He points out that India had been a major defence importer for many years
India has the capability to become a reliable weapons supplier to friendly nations and it will consolidate its position as the net security provider in the Indian Ocean region, Prime Minister Narendra Modi said on Thursday, highlighting Atmanirbharta in defence manufacturing, at a webinar.
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“For the first time, 74% Foreign Direct Investment (FDI) in defence is allowed through the automatic route… We are going forward with the process of corporatisation of the Ordnance Factory Board (OFB),” he said
Listing a series of measures that were recently announced to boost domestic defence manufacturing, he said the aim was to develop new indigenous technologies. Several measures such as simplified licensing field, level plating field and simplifying exports have been taken.
Mr. Modi pointed out that India had been a major defence importer for many years. Post Independence, there was lot of capability for defence manufacturing but it was unfortunate that it did not get the attention it desired. “That situation is changing now,” he noted.
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Chief of the Defence Staff (CDS) Gen. Bipin Rawat said they have started receiving requests from various countries. For instance, radars were very much in demand as well as artillery support systems.
Corporatisation of OFB
Defence Minister Rajnath Singh said the corporatisation of the OFB would be done within a year. “We have earmarked a portion of our defence budget for procurement only from the domestic industry. For this year, it will be ₹52,000 crore,” he added.
The government recently issued a draft Defence Production and Export Promotion Policy (DPEPP) 2020 for public feedback with the aim to achieve a manufacturing turnover of $25 bn or ₹1,75,000 crore, including exports of $5 bn in aerospace and defence goods and services by 2025.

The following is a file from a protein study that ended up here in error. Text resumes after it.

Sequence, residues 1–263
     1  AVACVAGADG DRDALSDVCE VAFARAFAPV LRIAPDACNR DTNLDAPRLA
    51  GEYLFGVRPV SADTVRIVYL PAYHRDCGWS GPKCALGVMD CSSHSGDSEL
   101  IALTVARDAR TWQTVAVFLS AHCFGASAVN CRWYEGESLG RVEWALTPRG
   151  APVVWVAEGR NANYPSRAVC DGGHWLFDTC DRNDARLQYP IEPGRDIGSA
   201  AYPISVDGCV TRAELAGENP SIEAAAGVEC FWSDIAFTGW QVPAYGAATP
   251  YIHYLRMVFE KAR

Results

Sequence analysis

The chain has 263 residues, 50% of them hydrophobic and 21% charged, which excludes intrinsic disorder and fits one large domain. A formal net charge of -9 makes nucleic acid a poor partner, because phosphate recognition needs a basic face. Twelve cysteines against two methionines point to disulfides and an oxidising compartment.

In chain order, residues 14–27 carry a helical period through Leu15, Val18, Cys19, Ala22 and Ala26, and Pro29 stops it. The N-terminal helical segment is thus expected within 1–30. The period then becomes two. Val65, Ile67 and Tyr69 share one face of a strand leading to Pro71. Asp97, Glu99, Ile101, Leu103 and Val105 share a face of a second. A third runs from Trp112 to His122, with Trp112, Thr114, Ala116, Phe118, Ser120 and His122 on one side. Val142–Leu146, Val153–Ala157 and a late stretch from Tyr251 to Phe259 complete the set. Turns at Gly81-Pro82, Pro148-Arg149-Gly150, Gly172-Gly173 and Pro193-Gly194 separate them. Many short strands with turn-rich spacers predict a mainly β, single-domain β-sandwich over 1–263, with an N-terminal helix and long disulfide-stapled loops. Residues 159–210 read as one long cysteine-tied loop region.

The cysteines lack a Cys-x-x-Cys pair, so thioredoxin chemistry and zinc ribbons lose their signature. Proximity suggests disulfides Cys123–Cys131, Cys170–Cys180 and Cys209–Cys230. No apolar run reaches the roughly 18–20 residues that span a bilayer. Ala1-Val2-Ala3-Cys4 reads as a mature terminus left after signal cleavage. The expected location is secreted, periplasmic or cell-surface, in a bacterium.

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Mr. Modi said the government had undertaken reforms in the toughest sectors like Intellectual Property (IP), taxation, insolvency and bankruptcy and even in space and atomic energy. For foreign Original Equipment Manufacturers (OEM) too, producing in India would be the best option.
On defence infrastructure, he said work was on in the two defence industrial corridors in Uttar Pradesh and Tamil Nadu and a target of ₹20,000 crore investments had been set for the next five years.
On the 101 items’ negative import list announced recently Mr. Modi stated that these items had been reserved for domestic industry and it “will be expanded in future.”
More items in coming lists
On this, Gen Rawat said that by early next year, they would come out with the second list, where there would be more technologically advanced items. The number would be even more than this and the lists were also going to increase. “If the aerospace industry can find its feet in India, putting aerospace in the negative list will be a big achievement,” he claimed.
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Reiterating support for domestic defence equipment, Gen. Rawat said, “At times, we are somehow incorrectly perceived to have an import bias. Nothing could be further from the truth than that.”
The draft DPEPP has also set a target to double the procurement from domestic industry within the overall defence procurement from the current ₹70,000 crore to ₹1,40,000 crore by 2025.
On level playing field for the private industry, Mr. Rajnath Singh said, “We cannot achieve the goal of Atmanirbhar Bharat without giving level playing field to the private sector.”
Tender for submarines
On the ongoing naval tender for six advanced submarines under Project-75I, being processed through the Strategic partnership (SP) route, Defence Secretary Ajay Kumar said the Request For Proposal (RFP) was in the final stages of legal vetting and would be issued once done. The selection of the strategic partner should happen this year itself. The selection of the Indian SP partner and the OEM was over.
Also Read | Draft Defence Production & Export Promotion Policy issued
Procurements under the SP policy were open for both the private and the public sector. The SP was originally meant for the private sector, he added.
Secretary, Defence Production, Raj Kumar, clarifying an important aspect, said that as per definition, any foreign company registered in India, even if it was a subsidiary of a foreign company, would be considered an Indian vendor.
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